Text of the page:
As I could not rouse the woman and learned that the slaves had been gone more than a full day, Agathemer and I went to save the bellowing and bleating stock. We found in the shed two fine young cows with udders appallingly distended. But our attention was momentarily distracted from them by the sight of eight full-sized bronze pails, finer than those at any public well in Reate or Consentia, which hung on pegs by the door, four on each side of it. They were flat-bottomed, bulged, but narrowed at the rim so that no water would splash out in carrying. The rims were ornamented with chased or cast patterns, scallops, leaves, egg and dart and wall of Troy: four patterns, showing that they were pairs. All had heavy double handles. We looked for carrying-yokes, but could see none. Such pails, which would be the treasures of any village and the pride of most towns, amazed us in this fastness. Glancing at the pails took us less time than it does to tell of it. The cows needed us sorely and we each picked up one of the suitable earthenware jars which stood inverted just inside the shed door and milked them at once. Agathemer said he thought we were in time to forestall any serious and permanent harm to them. But their udders were frightfully swelled and blood came with the milk from one teat of the cow I attended to.

The sheep were in a worse state than the cows. Not a lamb was visible; besides the ewes there was only a two-year-old ram penned by himself in a corner of the fold. There were eight fine young ewes, in full milk. As with one cow, so among these ewes, four gave bloody milk from one teat each, and we milked that onto the earth. We found plenty of empty earthenware crocks, clean, and turned upside down, in which to save the good milk.

The he-goat, a noble young specimen, was penned by himself, like the ram. There were nineteen she-goats, with not a kid anywhere, yet all in full milk and far worse off than the ewes. All but two gave bloody milk and three gave no clean milk. These three I judged might die, but Agathemer vowed he could save them.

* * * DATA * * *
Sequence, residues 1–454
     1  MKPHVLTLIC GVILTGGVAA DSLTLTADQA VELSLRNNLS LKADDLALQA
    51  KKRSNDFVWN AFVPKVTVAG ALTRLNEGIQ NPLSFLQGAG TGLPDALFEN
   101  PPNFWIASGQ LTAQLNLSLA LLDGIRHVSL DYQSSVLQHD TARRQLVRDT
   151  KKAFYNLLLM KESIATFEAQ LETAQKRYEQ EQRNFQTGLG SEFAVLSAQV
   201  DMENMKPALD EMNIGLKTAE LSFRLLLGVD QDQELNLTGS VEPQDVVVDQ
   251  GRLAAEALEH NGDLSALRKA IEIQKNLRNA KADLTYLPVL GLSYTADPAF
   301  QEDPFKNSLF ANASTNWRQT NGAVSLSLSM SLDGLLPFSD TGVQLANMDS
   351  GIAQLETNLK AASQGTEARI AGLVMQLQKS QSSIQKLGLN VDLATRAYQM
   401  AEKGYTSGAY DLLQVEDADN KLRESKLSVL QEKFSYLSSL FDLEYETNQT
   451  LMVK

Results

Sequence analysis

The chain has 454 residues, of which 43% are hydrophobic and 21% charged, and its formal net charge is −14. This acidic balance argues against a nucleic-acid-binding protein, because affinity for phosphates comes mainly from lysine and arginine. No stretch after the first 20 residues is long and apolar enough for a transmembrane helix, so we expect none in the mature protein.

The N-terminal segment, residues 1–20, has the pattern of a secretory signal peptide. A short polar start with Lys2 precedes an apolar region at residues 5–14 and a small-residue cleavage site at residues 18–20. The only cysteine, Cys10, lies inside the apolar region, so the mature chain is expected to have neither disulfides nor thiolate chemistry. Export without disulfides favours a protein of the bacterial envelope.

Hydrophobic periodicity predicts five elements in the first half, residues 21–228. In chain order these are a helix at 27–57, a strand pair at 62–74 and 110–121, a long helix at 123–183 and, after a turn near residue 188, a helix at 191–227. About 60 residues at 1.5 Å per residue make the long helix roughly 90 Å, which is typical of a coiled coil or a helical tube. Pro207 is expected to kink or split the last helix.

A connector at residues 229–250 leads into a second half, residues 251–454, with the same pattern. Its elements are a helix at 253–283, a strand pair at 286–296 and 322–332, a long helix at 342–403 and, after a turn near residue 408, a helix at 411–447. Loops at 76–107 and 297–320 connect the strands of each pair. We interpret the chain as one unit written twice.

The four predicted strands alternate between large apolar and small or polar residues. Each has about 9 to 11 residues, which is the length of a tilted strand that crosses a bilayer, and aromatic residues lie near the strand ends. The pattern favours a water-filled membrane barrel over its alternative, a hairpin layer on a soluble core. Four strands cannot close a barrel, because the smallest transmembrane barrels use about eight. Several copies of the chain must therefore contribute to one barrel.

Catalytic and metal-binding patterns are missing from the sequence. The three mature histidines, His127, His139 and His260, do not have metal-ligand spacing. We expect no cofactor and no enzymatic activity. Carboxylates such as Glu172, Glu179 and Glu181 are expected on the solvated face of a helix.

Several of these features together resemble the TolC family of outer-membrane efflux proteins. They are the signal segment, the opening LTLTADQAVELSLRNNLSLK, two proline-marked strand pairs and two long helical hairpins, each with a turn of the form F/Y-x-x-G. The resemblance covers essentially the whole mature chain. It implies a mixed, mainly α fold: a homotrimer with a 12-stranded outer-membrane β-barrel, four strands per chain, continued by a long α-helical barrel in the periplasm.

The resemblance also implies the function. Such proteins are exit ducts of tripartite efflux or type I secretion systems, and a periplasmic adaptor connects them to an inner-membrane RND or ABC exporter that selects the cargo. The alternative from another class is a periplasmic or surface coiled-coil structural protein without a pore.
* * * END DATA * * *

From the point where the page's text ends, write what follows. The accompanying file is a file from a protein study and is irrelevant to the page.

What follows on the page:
When we had finished milking we searched about for water. Towards the northeast the clearing narrowed and here we came upon a tiny rill trickling through a fringe of sedge. It came from a clear and abundant spring in a cleft of rock against the sharp up slope which rose there under the pines. At the lower edge of that part of the clearing, near the margin of the more nearly level ground, just before it plunged over the rim of the flat, it was dammed into a drinking pool for the stock. We did not dare let them out to drink and so laboriously carried water, I from the spring and Agathemer from the pond, using each a pair of the bronze pails, pouring the water into the troughs made of hollow logs, which were set, one to each, in the shed, pen and fold. We kept this up till every goat and ewe had had her fill, and then watered the he-goat and ram. The cows, of course, we had watered first. After the watering we gave each cow a feed of mixed barley and millet and then filled with hay all the mangers and racks.

When we had concluded this exhausting toil we filled the water-jar which stood in one corner of the cabin and then carried some milk into the house, and offered Prima and Secunda whichever they preferred. They chose ewe's milk and drank their fill. Prima was much impressed by the dog's confidence in me and seemed to give me hers. She said the dog's name was Hylactor. I tried to make the mother drink some cow's milk, but she swallowed only a few drops which I forced through her teeth by the help of a small horn spoon which I found on the floor of the outer room.

Agathemer roused the fire and piled more wood on it. There were no less than seven tripods lying about the floor of the cabin, but all roughly made and of the squat, short-legged pattern which holds a pot barely clear of a low bed of coals; not one was fit to hold a cauldron over a newly made deep fire of half-caught wood.